Jesse Jiryu Davis: Why generosity turns to rage, and what to do about it
Keynote talk by Jesse Jiryu Davis at the Plone Conference 2017 in Barcelona.
Symbol of generosity for us in the United States is Santa Claus. He distributes gifts for free in the evening before Christmas. Now there is something called SantaCon, where young men go around dressed as Santa and get drunk.
I saw a young Santa who was asked for money by a homeless man in a wheel chair. He gave five dollar. The homeless man did not say thank you. Maybe he was just tired. But then the Santa got enraged, demanding that the man thank him. So here we see power in action. Not a pretty sight. How does that happen.
A new colleague of mine at MongoDB asked me about something. I said it was going to be in the next release, and thought that would finish the conversation. Then he asked me to make more effort: what is the ticket number. For some reason this angered me, and I answered: 'I memorised all ticket numbers, it is 12345.' Then he came back at me: 'Are you sure? I cannot find that ticket.' I regretted my answer.
It is not okay to get mad and lash out at people because they make us angry.
On StackOverflow Python is projected to become the most popular language next year. I think one of the reasons is that we are an inclusive community. We try to be nice to new users. But we are not as welcoming as we could be. I searched for rude answers on StackOverflow and it was not hard to find.
- Question: 'How to I convert GIF to PNG in Python?'
- Answer: 'Just Google it, you are lazy.'
That is not a good answer. It hurts our community, because it drives people out.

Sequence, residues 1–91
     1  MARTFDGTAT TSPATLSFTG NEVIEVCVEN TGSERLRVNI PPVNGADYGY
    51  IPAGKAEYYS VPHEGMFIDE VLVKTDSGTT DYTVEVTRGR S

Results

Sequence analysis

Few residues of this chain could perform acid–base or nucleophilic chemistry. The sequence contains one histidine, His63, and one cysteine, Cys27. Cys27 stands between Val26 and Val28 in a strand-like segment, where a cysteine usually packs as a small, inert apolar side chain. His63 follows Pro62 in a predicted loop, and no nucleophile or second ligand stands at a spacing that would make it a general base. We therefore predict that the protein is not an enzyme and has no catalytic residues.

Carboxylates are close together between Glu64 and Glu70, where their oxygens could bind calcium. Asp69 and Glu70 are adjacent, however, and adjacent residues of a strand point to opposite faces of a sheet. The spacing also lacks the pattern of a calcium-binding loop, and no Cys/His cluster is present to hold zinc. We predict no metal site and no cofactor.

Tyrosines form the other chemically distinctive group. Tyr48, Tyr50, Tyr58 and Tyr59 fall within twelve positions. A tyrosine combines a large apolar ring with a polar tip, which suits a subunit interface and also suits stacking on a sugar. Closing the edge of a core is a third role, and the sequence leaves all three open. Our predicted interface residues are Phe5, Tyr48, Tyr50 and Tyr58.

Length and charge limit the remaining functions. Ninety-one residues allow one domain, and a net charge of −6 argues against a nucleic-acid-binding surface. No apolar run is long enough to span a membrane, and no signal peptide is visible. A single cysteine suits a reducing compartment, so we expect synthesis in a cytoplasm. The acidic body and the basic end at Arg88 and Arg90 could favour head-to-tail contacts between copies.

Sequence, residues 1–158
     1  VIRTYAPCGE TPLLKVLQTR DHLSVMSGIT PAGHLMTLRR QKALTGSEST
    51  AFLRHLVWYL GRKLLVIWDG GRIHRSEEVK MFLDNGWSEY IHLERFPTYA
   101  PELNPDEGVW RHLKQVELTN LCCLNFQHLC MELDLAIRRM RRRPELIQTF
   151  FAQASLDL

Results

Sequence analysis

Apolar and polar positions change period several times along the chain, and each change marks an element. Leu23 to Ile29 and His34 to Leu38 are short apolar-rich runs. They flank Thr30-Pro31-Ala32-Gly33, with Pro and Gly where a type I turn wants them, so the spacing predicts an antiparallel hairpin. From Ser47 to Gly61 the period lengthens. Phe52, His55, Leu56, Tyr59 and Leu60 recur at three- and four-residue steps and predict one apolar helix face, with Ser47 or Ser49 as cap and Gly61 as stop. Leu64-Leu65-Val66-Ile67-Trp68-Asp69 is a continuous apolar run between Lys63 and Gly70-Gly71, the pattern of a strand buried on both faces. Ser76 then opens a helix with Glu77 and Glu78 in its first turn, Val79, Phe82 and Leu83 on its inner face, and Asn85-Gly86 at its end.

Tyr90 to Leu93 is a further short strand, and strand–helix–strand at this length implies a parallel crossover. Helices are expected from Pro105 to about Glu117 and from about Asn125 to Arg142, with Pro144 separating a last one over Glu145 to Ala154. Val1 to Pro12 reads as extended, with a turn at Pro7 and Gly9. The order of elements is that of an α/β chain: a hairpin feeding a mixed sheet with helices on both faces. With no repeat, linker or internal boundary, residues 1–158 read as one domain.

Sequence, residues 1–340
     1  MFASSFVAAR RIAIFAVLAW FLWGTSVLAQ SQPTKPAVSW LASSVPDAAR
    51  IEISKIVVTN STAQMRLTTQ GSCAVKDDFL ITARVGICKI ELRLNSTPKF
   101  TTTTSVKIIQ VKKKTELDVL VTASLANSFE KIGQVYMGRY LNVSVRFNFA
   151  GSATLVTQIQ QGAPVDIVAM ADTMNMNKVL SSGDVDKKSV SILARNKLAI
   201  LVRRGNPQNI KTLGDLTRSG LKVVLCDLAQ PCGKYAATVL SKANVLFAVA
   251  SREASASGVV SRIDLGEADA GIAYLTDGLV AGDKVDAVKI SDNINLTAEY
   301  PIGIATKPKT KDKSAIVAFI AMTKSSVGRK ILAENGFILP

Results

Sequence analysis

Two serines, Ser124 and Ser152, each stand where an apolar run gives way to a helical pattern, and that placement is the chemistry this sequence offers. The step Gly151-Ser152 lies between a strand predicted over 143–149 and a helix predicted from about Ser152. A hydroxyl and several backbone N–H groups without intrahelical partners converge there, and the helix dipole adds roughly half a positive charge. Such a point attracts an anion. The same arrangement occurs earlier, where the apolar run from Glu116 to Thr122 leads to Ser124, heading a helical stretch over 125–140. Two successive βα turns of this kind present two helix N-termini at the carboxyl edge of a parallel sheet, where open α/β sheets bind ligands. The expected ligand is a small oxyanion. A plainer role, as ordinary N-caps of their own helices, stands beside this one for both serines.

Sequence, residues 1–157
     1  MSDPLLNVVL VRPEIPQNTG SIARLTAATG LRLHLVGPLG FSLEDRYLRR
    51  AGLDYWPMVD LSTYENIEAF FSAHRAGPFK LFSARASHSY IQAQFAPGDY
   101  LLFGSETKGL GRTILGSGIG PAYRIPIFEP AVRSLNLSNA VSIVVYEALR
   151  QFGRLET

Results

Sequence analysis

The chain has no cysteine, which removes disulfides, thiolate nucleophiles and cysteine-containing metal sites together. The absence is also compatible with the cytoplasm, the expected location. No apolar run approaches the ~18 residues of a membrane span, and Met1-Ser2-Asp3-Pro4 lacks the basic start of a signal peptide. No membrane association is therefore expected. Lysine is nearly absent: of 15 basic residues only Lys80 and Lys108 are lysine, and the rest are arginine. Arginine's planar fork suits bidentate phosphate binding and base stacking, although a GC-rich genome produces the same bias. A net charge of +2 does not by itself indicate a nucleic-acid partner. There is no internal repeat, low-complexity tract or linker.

Why do we do this? There cam be several reasons:
- We are generous, but get no reward, like the bad Santa.
- Unexpected difficulty: I give an answer, and then the person does not understand me and asks a followup question, and suddenly I am facing more trouble than I want.
- Sense of obligation. We sense we need to give some kind of answer, so we give a rude one.
If I get a promotion, or delete ten emails, it gives temporary satisfaction, but does not really make me more satisfied in the long run. I got a lazy (in my eyes) comment on a Python video that took long to make, and I got angry. I have learned to not make a rude remark. Instead I closed the browser tab. That is the easy way.
When faced with a question, ask yourself: am I angry?
- Yes, I am angry. Walk away. If you can't say anything nice, don't say anything at all.
- Yes, I am angry, but what is my intention? My job may be to answer questions. I may want to take good care of my code, or nurture the next generation of programmers. Thinking about that, am I still angry?
- No. Start your answer with: 'Good question!' Even if it was not really a good question at all. It makes you and the other feel good.
- Is it complete? You are done.
- No, the person asks a followup question. Go back to the first step: am I angry?
Take the 3-breath vow: "I vow to take 3 breaths before I answer a question online."